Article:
Mummy Chia has raised a class of ladies, teaching them to knit, sew and craft. Friday afternoons see these ladies at her home happily learning new sewing skills. What a wonderful way to pass on a beautiful heritage to the next generation! Together with the class, she would spend time sewing handicrafts for sale to raise support. Her finely crafted bags and dolls would be snapped up very quickly. Asked what inspires her to visit again and again, Mummy replies, “Seeing these poor children in Cambodia reminds me of the times in health service when I had to visit local kampongs to render aid. It gives me great joy.”
Nursing the aged
After her retirement from nursing, her husband, William fell ill and passed on several years later. It was during this time, nursing her sick husband and also during her stint of working in the geriatric ward in a private hospital that she saw her mission field in nursing the aged. This has become a staple ministry since. She has volunteered for many years now at nursing homes, where her skills and caring service are well-received.
It is this burning compassion for the weak and helpless that still sends her zipping across the town in her little car, even at 85, to volunteer twice a week at the geriatric home. “It gives me joy to help the patients some of whom lack family love even in their twilight years,” says Mummy Chia. “I even have to persuade them to eat their meals.”
She arranges for some of the more mobile ones to be taken to the Senior Elderly Fellowship once a month in church. Very often she also whips up a good lunch for the group. Lately, she finds happiness also in being able to share testimonies and stories in Mandarin, a language she learned so long ago.
She remembers a special moment when she was called to the bedside of a dying elder.
“I was proud and privileged that I could pray a simple prayer to calm his restlessness just two hours before he passed on. He was the elder who interviewed me before my baptism,” she muses.
Open Heart, Open House
Mummy has such a big heart she even opens her house to people recuperating from operations or anything that invalidates them. Be it a major operation, or a broken arm, she lovingly nurses friends back to health.
Mummy’s house is regularly a hive of activities as she warmly hosts outstation speakers or missionaries. It is often the venue for meetings for the senior fellowship. A regular bunch of younger friends gather readily for meals at her home on the slightest excuse – a birthday, a festival, anything at all! She is the ‘hostess with the mostest’ to many.
I remember the days before our mission trip. The floor of her living room and kitchen was strewn with boxes and boxes of books, clothing and whatever we were bringing to Cambodia. It was messy. But it did not seem to trouble her. Her active and hardworking lifestyle, even when not in the best of health, puts many of us to shame. She even has time to grow (and give away) her own vegetables and raise a bright and beautiful garden.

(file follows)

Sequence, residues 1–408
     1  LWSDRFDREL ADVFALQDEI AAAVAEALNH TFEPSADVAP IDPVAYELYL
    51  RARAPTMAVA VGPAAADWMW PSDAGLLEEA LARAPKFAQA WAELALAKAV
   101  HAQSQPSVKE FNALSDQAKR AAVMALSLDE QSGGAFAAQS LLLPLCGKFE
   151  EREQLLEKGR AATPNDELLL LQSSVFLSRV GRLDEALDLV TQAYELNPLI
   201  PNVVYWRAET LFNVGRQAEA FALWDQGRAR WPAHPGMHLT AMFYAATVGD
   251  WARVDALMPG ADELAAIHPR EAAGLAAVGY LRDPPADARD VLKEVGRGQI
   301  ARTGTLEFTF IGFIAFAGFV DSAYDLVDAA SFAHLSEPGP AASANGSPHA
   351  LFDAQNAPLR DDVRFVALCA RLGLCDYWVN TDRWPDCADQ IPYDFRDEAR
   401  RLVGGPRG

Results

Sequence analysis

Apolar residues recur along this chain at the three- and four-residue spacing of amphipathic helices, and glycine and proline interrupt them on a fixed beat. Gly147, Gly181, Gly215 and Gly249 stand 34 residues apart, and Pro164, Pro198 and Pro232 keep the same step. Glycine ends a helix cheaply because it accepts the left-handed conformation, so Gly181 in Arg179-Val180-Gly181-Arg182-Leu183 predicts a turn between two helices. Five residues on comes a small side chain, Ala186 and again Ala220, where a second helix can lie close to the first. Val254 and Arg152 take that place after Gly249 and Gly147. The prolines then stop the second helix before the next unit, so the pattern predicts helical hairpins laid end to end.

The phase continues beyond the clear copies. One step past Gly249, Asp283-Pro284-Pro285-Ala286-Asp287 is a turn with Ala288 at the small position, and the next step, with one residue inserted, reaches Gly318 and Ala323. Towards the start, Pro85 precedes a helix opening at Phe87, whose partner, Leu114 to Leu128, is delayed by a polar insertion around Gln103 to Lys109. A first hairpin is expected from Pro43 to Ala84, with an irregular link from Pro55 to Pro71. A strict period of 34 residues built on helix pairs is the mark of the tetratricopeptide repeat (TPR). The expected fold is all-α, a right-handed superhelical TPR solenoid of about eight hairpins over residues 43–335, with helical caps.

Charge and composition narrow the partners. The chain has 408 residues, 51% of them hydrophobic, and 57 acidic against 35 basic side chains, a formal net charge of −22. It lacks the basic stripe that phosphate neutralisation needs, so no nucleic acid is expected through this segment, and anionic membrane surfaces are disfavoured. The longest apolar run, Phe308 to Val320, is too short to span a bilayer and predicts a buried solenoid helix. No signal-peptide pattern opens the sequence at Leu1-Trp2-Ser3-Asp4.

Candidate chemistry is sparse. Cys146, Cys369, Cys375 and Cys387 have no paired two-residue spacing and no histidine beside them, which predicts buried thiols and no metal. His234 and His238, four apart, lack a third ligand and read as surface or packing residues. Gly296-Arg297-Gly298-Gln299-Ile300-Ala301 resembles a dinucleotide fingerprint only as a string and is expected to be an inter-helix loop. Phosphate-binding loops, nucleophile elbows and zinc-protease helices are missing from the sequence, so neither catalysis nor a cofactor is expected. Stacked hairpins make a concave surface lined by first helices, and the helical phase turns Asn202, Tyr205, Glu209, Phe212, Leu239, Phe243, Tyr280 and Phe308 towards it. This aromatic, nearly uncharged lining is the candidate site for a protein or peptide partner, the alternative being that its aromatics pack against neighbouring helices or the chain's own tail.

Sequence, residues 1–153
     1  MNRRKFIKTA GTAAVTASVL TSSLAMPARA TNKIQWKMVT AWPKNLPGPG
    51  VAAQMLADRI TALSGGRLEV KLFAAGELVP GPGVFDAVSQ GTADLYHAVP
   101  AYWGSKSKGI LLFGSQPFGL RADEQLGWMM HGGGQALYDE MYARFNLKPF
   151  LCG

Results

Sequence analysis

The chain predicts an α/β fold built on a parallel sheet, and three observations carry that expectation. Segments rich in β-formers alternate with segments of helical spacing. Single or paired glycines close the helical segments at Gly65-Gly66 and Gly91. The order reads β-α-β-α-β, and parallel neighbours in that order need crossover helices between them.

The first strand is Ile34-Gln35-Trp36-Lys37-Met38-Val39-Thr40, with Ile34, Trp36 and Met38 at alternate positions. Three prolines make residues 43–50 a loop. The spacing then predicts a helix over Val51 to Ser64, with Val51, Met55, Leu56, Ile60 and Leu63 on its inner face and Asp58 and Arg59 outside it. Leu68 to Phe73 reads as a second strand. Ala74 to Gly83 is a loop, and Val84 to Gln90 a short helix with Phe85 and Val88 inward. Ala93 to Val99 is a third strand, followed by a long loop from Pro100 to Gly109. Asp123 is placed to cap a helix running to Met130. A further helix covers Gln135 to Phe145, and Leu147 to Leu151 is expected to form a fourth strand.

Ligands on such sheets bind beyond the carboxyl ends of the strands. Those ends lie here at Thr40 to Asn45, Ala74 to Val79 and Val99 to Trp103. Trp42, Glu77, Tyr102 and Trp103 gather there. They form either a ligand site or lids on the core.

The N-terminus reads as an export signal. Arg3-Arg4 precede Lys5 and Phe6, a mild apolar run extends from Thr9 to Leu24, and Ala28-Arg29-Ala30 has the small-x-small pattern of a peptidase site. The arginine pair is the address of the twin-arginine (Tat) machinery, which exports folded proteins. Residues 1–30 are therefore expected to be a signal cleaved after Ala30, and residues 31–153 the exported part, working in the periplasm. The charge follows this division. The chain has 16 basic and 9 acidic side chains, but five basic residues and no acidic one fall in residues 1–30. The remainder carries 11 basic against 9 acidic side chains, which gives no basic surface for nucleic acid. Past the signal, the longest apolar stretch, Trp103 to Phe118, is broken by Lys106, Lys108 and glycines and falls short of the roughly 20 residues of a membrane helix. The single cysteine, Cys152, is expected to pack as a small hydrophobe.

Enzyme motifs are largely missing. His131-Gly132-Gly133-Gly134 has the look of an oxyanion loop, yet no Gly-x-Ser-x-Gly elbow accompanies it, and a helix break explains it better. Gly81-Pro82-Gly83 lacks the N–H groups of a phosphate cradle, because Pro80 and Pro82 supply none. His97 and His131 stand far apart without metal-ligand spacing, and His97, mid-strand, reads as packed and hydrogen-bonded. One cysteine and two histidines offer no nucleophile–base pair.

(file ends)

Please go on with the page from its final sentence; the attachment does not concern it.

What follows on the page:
Sng Puay Lan, who lives across the street from her, is very blessed – always at the receiving end of Mummy’s special dish or abundant harvest from the garden. “She is just like my mother. When I need a shoulder to cry on, she is the one I’ll go to,” she shares. The ‘daughter’ on the other hand never fails to keep a watchful eye on Mummy to check that she is well and rested.
What keeps her going?
“The joy of spreading God’s love and seeing people happy,” was the simple answer of this grand old lady – a mummy indeed to many. Mummy’s full life is a shining example of simple faith with good works, an epitome of Christian womanhood. She is a blessing to all and sundry – someone to emulate.
A week after my hysterectomy operation in July 2009, I went to Batu Pahat to recuperate. A church sister, Susan Lau introduced my husband, Aaron and me to Aunty Chia. Though I was a stranger to her, she welcomed me with open arms and showered me with tender loving care. Together with Susan, she nursed me back to health. She personally went to the market and cooked nourishing ‘confinement’ food for me.
During my month-long stay, I found that she was indeed a very gifted lady. With sharp eyesight and nimble fingers at 79, she was still doing all kinds of sewing and handicrafts. Some days she would just sit and chat, sharing all her life experiences. Indeed, her life story was more interesting than a Korean drama! I felt really blessed and privileged to have come into fellowship with Aunty Chia. She is gentle, kind and very generous. She truly reflects the love of Jesus Christ, and genuinely loves and cares for the welfare of those in need.
In Nov 2013, when I fractured my left clavicle, I again came “home” to recuperate. Aaron and I call her home the “TLC Home” – “Tender Loving Care Home”. I want to thank and praise God for this beautiful and wonderful lady, a true reflection of God’s love.
Alice and Aaron worship and serve in a Presbyterian church in Melaka
Goh Bee Lee finds joy in good books, true friends and the great outdoors. Much blessed by God with three children and six grandchildren ( and counting) she glories in being a beloved of the Lord’s.
They shall still bear fruit in old age Ps.92:14
• Verdi wrote his famous “Ave Maria” at 85.
• Alfred Lord Tennyson penned his “Crossing the Bar” at 80.
• Michelangelo completed the “Pieta” at 87.
• Justice Oliver Wendell Holmes set down some of his most brilliant opinions at 90.
• Titian painted his “Allegory of the Battle of Lepanto” at 98.
• President Ronald Reagan was one of the most powerful men in the world at 75.